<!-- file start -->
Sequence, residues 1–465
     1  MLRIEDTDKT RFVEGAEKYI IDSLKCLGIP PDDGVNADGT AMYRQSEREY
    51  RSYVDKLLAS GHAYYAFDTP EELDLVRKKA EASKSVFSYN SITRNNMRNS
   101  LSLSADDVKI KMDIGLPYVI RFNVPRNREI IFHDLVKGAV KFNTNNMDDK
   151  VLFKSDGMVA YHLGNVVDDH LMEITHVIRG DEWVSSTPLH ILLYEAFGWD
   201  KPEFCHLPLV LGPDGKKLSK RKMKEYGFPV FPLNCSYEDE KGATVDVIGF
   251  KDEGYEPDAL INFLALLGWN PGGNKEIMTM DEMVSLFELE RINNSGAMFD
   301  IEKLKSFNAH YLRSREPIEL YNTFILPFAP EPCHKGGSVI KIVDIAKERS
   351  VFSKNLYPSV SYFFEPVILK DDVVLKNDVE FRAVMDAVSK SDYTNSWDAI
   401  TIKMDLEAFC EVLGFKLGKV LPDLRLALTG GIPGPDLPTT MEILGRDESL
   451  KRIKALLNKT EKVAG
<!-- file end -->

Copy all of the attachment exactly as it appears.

Sequence, residues 1–465
     1  MLRIEDTDKT RFVEGAEKYI IDSLKCLGIP PDDGVNADGT AMYRQSEREY
    51  RSYVDKLLAS GHAYYAFDTP EELDLVRKKA EASKSVFSYN SITRNNMRNS
   101  LSLSADDVKI KMDIGLPYVI RFNVPRNREI IFHDLVKGAV KFNTNNMDDK
   151  VLFKSDGMVA YHLGNVVDDH LMEITHVIRG DEWVSSTPLH ILLYEAFGWD
   201  KPEFCHLPLV LGPDGKKLSK RKMKEYGFPV FPLNCSYEDE KGATVDVIGF
   251  KDEGYEPDAL INFLALLGWN PGGNKEIMTM DEMVSLFELE RINNSGAMFD
   301  IEKLKSFNAH YLRSREPIEL YNTFILPFAP EPCHKGGSVI KIVDIAKERS
   351  VFSKNLYPSV SYFFEPVILK DDVVLKNDVE FRAVMDAVSK SDYTNSWDAI
   401  TIKMDLEAFC EVLGFKLGKV LPDLRLALTG GIPGPDLPTT MEILGRDESL
   451  KRIKALLNKT EKVAG